Friday, 14 September 2012

China's 2013 corn imports seen sinking on high global prices

China's corn imports in 2013 may plunge more than 80 percent from this year's estimated purchases, a government think-tank said on Thursday, as soaring global prices and prospects of higher domestic production deter imports. China, the world's second largest consumer, has been influencing global corn prices over the past two years as it emerged from self-sufficiency to become the world's sixth largest importer in 2011/12. 

While US corn prices have climbed to record highs as the worst drought in half a century grips large tracts of farmland in the top exporter of grains, China is on track to produce an all-time high crop of around 197-200 million tonnes this year. China is expected to import 1 million tonnes of corn in 2013, China National Grain and Oils Information Center (CNGOIC) said in a report, which would be the lowest imports of the grain made by the country since 2009. In 2012, China is estimated to buy 5.5 million tonnes. 

"Rising US corn prices have caused some contract cancellations," the center said, adding that most of this year's imports, though much higher than a year ago, were supported by the government's purchases. CNGOIC's estimate of China's 2013 imports is not far from the 2 million tonnes estimated by the US Department of Agriculture in its monthly global demand and supply report on Wednesday. The global trade of corn is around 90 million tonnes.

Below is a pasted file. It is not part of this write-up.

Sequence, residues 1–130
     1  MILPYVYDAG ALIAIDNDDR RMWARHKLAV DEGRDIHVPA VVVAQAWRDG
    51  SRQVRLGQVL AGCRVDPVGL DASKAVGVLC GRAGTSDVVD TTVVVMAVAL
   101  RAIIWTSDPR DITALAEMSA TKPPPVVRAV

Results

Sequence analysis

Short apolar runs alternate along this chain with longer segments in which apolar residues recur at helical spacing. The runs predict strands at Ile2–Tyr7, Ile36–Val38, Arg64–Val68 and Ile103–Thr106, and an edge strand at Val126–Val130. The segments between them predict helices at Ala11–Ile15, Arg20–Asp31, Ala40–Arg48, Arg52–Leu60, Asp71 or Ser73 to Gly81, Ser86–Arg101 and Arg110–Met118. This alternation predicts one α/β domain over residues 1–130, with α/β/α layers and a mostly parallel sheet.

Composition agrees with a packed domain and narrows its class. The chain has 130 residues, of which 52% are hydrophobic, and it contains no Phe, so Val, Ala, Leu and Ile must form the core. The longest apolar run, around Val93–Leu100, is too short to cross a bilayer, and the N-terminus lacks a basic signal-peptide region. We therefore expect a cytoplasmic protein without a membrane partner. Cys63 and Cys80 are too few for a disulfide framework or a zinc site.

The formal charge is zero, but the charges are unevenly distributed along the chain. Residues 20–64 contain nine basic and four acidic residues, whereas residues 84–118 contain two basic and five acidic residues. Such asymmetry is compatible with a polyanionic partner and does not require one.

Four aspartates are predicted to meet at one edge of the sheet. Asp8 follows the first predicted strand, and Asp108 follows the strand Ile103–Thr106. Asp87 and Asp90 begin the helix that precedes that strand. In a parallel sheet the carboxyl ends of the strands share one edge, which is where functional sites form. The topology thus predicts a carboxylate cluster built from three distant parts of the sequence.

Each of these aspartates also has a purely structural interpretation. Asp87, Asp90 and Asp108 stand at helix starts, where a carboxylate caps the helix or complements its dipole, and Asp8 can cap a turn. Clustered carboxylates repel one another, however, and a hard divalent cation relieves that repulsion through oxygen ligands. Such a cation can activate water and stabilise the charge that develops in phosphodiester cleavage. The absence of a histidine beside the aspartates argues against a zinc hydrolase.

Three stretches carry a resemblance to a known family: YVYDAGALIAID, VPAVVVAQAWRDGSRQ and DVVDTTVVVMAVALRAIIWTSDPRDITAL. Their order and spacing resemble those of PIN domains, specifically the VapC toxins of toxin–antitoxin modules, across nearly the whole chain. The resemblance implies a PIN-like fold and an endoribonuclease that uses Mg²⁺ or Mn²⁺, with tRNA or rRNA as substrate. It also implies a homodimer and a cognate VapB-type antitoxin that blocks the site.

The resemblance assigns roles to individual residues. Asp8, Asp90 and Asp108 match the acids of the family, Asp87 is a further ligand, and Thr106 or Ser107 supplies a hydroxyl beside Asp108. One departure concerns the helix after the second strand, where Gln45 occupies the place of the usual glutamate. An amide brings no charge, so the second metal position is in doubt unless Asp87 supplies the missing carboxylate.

"With the rally we have had in global prices since June, it is no longer attractive to ship corn to China," said Victor Thianpiriya, agricultural commodity strategist at ANZ in Singapore. "Looks like they are going to have a reasonable crop, so they are going to have a buffer." Chicago corn prices have surged about 45 percent over the last three months in a drought-fed rally. 

Feed millers in China have been substituting expensive corn with feed wheat in order to keep a lid on rising costs of fattening animals. Corn is a key ingredient in making animal feed in China - the world's top consumer and producer of pork. China's food price cycle is driven in a large part by pork, the country's staple meat. Any increase in food prices is expected to push up inflation, one of China's biggest economic concerns given the potential for rising prices to trigger social unrest. Corn output in China is estimated to rise 2.19 percent in 2012 to 197 million tonnes, CNGOIC said this month, from a year ago. The USDA estimates China's corn output at a record 200 million tonnes. 

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